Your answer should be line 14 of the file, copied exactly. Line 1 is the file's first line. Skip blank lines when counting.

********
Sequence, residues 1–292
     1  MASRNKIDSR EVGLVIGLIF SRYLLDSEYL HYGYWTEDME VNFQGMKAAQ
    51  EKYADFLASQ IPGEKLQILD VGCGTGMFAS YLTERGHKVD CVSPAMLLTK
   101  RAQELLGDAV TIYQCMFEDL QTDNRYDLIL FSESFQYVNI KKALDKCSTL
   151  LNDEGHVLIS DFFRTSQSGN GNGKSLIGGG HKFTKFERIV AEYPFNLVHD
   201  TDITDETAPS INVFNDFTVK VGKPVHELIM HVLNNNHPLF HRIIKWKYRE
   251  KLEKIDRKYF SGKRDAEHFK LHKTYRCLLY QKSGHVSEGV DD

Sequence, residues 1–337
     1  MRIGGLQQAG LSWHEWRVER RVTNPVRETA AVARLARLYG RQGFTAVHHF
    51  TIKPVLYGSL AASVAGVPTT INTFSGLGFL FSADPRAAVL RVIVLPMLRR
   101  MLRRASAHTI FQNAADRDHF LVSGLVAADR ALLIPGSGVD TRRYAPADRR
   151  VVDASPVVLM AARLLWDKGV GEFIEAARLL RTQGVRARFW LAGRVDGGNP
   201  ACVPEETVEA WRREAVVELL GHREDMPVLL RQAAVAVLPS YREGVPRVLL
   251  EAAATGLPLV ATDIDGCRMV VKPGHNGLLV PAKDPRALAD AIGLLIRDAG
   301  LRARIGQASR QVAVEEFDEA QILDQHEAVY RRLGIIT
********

   251  EAAATGLPLV ATDIDGCRMV VKPGHNGLLV PAKDPRALAD AIGLLIRDAG